2 ACE Study

Information about 2 ACE Study

Published on October 27, 2014

Author: CPEIP

Source: authorstream.com

Content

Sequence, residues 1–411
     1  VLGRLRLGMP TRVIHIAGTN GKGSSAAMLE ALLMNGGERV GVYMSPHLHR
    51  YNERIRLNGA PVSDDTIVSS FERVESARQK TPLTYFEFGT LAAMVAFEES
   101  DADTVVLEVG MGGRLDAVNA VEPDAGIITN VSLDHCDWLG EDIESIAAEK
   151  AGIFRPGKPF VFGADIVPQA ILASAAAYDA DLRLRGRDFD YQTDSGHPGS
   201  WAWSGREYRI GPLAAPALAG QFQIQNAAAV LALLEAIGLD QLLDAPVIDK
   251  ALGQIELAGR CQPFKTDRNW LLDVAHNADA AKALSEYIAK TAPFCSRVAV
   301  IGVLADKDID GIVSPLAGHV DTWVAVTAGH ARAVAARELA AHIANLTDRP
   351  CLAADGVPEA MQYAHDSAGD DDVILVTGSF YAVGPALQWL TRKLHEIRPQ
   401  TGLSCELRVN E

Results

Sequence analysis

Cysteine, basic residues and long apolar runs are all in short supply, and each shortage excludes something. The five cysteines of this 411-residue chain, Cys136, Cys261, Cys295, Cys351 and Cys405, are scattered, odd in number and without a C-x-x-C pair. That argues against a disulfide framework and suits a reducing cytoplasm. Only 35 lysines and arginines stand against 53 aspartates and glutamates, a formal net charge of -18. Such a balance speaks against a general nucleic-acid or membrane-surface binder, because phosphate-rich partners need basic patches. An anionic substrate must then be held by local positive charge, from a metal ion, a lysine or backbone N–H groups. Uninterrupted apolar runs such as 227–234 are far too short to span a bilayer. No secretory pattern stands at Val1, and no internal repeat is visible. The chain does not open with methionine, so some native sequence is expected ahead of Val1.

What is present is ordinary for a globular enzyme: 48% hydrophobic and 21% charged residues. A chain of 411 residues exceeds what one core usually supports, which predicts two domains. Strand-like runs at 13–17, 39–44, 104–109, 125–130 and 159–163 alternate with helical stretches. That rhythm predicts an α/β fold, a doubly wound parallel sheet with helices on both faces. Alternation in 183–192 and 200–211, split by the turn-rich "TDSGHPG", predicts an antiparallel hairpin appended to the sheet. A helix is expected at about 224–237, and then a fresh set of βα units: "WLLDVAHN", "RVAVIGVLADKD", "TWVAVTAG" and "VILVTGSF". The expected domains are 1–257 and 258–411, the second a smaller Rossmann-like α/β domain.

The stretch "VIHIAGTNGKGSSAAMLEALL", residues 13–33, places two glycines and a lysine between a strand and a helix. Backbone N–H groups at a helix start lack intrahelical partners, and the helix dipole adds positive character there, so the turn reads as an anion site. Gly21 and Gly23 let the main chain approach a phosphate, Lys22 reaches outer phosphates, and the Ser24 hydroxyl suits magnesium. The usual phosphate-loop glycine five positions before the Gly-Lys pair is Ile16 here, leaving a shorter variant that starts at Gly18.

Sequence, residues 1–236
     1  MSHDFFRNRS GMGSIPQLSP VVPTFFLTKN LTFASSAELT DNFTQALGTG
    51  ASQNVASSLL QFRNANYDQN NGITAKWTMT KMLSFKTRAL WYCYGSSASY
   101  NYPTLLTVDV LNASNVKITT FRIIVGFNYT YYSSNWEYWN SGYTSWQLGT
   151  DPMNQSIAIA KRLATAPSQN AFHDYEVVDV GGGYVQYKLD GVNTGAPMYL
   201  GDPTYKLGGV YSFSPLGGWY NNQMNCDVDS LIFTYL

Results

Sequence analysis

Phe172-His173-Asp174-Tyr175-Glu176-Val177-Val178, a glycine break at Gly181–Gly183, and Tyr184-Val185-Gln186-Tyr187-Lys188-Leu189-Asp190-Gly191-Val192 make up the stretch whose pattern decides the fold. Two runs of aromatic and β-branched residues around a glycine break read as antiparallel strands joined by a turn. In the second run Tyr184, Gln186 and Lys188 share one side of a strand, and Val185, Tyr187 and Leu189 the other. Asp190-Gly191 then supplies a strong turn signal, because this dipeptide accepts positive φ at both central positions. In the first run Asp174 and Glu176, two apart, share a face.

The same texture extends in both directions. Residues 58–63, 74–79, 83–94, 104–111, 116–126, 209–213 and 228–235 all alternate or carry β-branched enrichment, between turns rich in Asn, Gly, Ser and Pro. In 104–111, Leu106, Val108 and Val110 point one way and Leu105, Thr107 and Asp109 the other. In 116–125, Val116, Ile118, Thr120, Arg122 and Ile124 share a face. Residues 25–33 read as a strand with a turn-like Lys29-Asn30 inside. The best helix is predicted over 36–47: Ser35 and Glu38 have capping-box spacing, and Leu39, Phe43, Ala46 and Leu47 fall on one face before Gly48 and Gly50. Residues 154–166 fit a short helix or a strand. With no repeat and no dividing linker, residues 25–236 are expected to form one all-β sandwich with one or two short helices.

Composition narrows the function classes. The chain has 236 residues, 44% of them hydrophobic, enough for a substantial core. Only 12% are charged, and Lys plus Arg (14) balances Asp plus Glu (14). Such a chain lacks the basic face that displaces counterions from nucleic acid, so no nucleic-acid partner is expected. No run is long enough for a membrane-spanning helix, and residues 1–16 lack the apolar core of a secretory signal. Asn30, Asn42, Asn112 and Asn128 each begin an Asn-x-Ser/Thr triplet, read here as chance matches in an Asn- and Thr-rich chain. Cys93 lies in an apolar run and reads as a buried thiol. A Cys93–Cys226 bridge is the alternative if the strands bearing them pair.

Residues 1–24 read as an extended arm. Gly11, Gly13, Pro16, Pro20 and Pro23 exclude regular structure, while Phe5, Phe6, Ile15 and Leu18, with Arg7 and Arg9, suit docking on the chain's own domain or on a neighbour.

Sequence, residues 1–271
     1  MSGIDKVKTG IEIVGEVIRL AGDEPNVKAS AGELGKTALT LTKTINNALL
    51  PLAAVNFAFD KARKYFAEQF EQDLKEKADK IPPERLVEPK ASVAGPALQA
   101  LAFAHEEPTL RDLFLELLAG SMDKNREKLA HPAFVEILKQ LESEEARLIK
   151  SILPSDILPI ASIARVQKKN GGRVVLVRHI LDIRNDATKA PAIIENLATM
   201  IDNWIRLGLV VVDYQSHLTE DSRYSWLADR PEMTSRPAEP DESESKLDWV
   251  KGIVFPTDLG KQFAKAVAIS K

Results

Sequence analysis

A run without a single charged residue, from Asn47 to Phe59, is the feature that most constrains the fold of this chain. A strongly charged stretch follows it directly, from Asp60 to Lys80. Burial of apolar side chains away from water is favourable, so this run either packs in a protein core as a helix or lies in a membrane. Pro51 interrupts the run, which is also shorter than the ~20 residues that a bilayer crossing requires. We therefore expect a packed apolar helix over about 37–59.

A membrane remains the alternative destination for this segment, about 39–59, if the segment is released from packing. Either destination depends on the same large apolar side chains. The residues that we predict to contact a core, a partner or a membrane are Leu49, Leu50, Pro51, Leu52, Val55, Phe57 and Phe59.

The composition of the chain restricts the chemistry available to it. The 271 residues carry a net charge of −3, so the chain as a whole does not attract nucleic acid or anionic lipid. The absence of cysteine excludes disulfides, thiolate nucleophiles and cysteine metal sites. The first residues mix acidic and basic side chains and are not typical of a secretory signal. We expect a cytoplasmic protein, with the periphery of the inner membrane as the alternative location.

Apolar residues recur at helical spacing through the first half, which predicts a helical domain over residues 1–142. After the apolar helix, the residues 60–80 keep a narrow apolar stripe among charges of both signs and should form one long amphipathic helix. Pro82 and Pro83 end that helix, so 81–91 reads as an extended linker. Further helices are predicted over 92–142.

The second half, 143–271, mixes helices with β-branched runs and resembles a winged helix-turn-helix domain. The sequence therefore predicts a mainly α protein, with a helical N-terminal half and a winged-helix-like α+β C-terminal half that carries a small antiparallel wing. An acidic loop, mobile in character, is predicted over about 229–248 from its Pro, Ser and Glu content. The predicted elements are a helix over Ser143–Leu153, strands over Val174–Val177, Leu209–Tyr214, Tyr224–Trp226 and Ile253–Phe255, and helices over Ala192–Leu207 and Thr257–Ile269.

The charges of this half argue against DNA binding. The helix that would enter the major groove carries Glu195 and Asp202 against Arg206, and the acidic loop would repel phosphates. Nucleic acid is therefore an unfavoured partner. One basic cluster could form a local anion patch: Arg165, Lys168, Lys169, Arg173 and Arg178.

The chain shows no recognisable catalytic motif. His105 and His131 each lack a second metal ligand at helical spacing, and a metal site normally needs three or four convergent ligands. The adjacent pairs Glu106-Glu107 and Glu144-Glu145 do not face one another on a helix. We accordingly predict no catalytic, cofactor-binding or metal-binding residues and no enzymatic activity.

PowerPoint Presentation: The Lifetime Effects of Early Adversity & Trauma Applying the ACE Study to Florida’s Most Vulnerable Children to Help Them Thrive Adverse Childhood Experiences: Scientific findings from research in neurobiology, medicine, and public health has converged into a “ science of adversity” that presents compelling data linking early adverse experiences with a life-long trajectory of costly health and social problems . Adverse Childhood Experiences 2 Adverse Childhood Experiences Study (ACE) : Adverse Childhood Experiences Study (ACE) The study is a collaboration between the Centers for Disease Control and Prevention and Kaiser Permanente's Health Appraisal Clinic in San Diego with more than 70 published scientific articles. http://www.cdc.gov/ace/index.htm ACE Study: ACE Study Largest Investigations Ever Conducted to Assess the Relationship of Early Adversity and Adult Health Adverse Childhood Experiences (ACE) Study. Information available at http://www.cdc.gov/ace/index.htm Learning About The ACE Study: Learning About The ACE Study The ACE Study was conducted in 1998, followed by a second study in 2009. Participants in both studies completed a confidential survey containing questions about maltreatment in childhood and family dysfunction, as well as items describing their current health status and behaviors. The resulting ACE scores were combined with data collected from the participant’s health records. 5 The Study of Early Adversity : Physical Health Problems Mental Health Problems Crime & Delinquency Addictions Poor Parenting Capacity Academic & School Problems revealed a significant linkage between early adversity and a lifetime of physical and mental health problems. The Study of Early Adversity 6 What Is An ACE Score?: What Is An ACE Score? The ACE Score is a self-reported count of adverse experiences that occurred during the first 18 years of life and encompasses abuses and household dysfunction. In the original 1998 ACE Study, the first seven categories (listed below) were included on the ACE questionnaire. Subsequent studies added three more categories . Physical Abuse Emotional Abuse Sexual Abuse Domestic Violence (mother treated violently) Mental Illness or Mental Health Disorder Substance Use Disorder Incarceration (family member in prison) Parental Separation or Divorce Emotional Neglect Physical Neglect 7 To download the ACE questionnaire, visit: http://acestudy.org/ ace_score ACE Study Findings: ACE Study Findings The prevalence of adverse childhood experiences is widespread. Of 17,000 respondents, two-thirds had at least one early adverse experience. Short- and long-term outcomes include a multitude of health and social problems. As the number of ACEs increases, the risk for serious health and social problems substantially increases . Household dysfunction Substance abuse 27 % Parental separation/ divorce 23 % Mental illness 17 % Battered mother 13 % Incarcerated family member 6 % Abuse Psychological 11 % Physical 28 % Sexual 21% Neglect Emotional 15 % Physical 10 % 8 High ACE Scores Linked to Health Problems: High ACE Scores Linked to Health Problems 9 7x more likely to be alcoholics 6x more likely to be sexually active before age 15 Twice as likely to be smokers Twice as likely to have cancer or heart disease People with 4+ ACEs High ACE Scores Linked to Serious Mental Health Issues: Depressive disorders Anxiety Hallucinations Panic reactions Sleep disturbances Memory disturbances Poor anger control, and Risk of perpetrating or being a victim of domestic violence. 10 High ACE Scores Linked to Serious Mental Health Issues Problems Attributable to Childhood Adversity: Source: Family Policy Council, 2012 11 P roblems Attributable to Childhood Adversity Lifetime Effects from ACEs: Chronic Disease Alcohol, Tobacco, Drugs Psychiatric Disorders Risky Sex Impaired Cognition Work/School Attendance, Behavior, Performance Genetics Experience triggers gene expression (Epigenetics) Critical & Sensitive Developmental Periods Adverse Childhood Experience MORE CATEGORIES – GREATER IMPACT Physical Abuse, Sexual Abuse Emotional Abuse, Neglect Witnessing Domestic Violence Depression/Mental Illness in Home Incarcerated Family Member Substance Abuse in Home Loss of a Parent Brain Development Electrical, Chemical, Cellular Mass Crime Obesity Poverty Intergenerational Transmission, Disparity Source: Family Policy Council, 2012 Adaptation Hard-Wired Into Biology 12 Lifetime Effects from ACEs ACEs Increase Odds for Academic & Health Problems: # of ACEs Increase in Academic Failure Increase in Attendance Problems Increase in Severe School Behavior Concerns Increased Frequency of Reported Poor Health 3 or More ACEs N =248 3x 5x 6x 4x 2 ACEs N=213 2.5x 2.5x 4x 2.5x 1 ACE N=476 1.5x 2x 2.5x 2x No Known ACEs N=1,164 1.0x 1.0x 1.0x 1.0x 13 ACEs Increase Odds for Academic & Health Problems Source: Blodgett, C. (2012). WSU ACEs Linked to Problems in Learning & Behavior: 14 Source: National Child Traumatic Stress Network http://www.nctsn.org/ 1 of 4 School children are exposed to a traumatic event. ACEs Linked to Problems in Learning & Behavior Massachusetts Student Survey: Massachusetts Student Survey In June 2005, Massachusetts’ Department of Education surveyed 450 students attending alternative education programs in 11 school districts. Results indicated that 90 % of the students reported histories of trauma exposure. Florida State University | Center for Prevention & Early Intervention Policy | www.cpeip.fsu.edu 15 Lifespan Effects of ACEs to Health & Well-Being: Lifespan Effects of ACEs to Health & Well-Being http://www.cdc.gov/violenceprevention/acestudy/pyramid.html 16 ACEs Predict the 10 Leading Causes of Death & Disability: Felitti , V. J., Anda , R. F., Nordenberg , D., Williamson, D. F., Spitz, A. M., Edwards, V., Koss, M.P., & Marks, J. S. (1998). Relationship of childhood abuse and household dysfunction to many of the leading causes of death in adults: The adverse childhood experiences (ACE) study. American Journal of Preventive Medicine, 14(4), 245-258. Heart disease Cancer Chronic lower respiratory diseases Stroke Unintentional injuries Alzheimer's disease Diabetes Kidney disease Influenza and pneumonia Suicide 17 ACEs Predict the 10 Leading Causes of Death & Disability National Survey of ACEs in Young Children: Rate of ACES Almost D ouble for C hildren in Poverty High Rates of ACES in Children 0-5 Years Old 18 National Survey of ACEs in Young Children SOURCE: National Survey of Children's Health. NSCH 2011/12. Retrieved [10/09/14] from www.childhealthdata.org . High ACEs in Head Start Sample: High ACEs in Head Start Sample 60% exposed to violence when <age 4 Mean ACE was >3 Mean ACE of their parent’s score was >5 2/3 of children with positive ACE screen had one report of social-emotional development concerns, as determined by teacher and parent DECA 19 Source: C. Blodgett, 2012 Head Start Children (N=50 ) Unhealed Early Adversity Only Exacerbates Over the Lifespan: National Survey of Children's Health. NSCH 2011/12. Data Resource Center for Child and Adolescent Health website. Retrieved 10/9/2014 from www.childhealthdata.org. Unhealed Early Adversity Only Exacerbates Over the Lifespan 20 Untreated Early Childhood Events Only Exacerbate Over Time: Untreated Early Childhood Events Only Exacerbate Over Time 21 Childhood ACEs Adolescent ACEs Adulthood ACEs Witnesses Domestic Violence Developmental Delays Expulsion Delinquency Mental Health Issues Sexual Activity Drugs & Alcohol Violence Psychiatric Problems Battles Addictions Alcohol Crime Children in Poverty Have 3x the ACEs as Higher Income Children: National Survey of Children's Health. NSCH 2011/12. Data Resource Center for Child and Adolescent Health website. Retrieved 10/9/2014 from www.childhealthdata.org. Children in Poverty Have 3x the ACEs as Higher Income Children 22 Emotional & Behavioral Disorders are the Most Costly of all Chronic Illnesses in Youth: Soni , A. The Five Most Costly Children's Conditions, 2011: Estimates for U.S. Civilian Noninstitutionalized Children, Ages 0–17. Statistical Brief #434. April 2014. Agency for Healthcare Research and Quality, Rockville, MD. http://www.meps.ahrq.gov/mepsweb/data_files/publications/st434/stat434. shtml Emotional & Behavioral Disorders are the Most C ostly of all Chronic Illnesses in Youth 23 Trauma in Florida’s DJJ Population: Youth reporting no ACEs 1,793 Youth reporting one or more ACEs 62,536 Data shows very high adverse childhood experiences 24 Sample Size 64,329 Baglivio , M., Epps, N., Swartz, K., Huq , M. S., Sheer, A. & Hardt , N. (2014). The prevalence of adverse childhood experiences (ACE) in the lives of juvenile offenders. Journal of Juvenile Justice , (3)2. ACE Score Florida’s DJJ 0 2.8% 1 10% 2 16% 3 21% 4 + 50% Trauma in Florida’s DJJ Population “It’s the most important opportunity for the prevention of health and social problems and disease and disability that has ever been seen.”: “ It’s the most important opportunity for the prevention of health and social problems and disease and disability that has ever been seen. ” 25 - Dr. Vince Fellitti , Author, ACE Study http://youtu.be/ v3A_HexLxDY ACE Study Summary: The landmark ACE study provides substantial and compelling evidence of the long-term trajectory of toxicity triggered by early adversity. Findings support fundamental shifts in policy and practice across systems: Prevention of ACEs and trauma-induced toxic stress is the most effective and cost beneficial solution. Evidence-based interventions offer opportunities for effectively mitigating the effects of ACEs in both children and adults . 26 ACE Study Summary To learn more about the ACE Study, visit: http ://www.cdc.gov/violenceprevention/acestudy /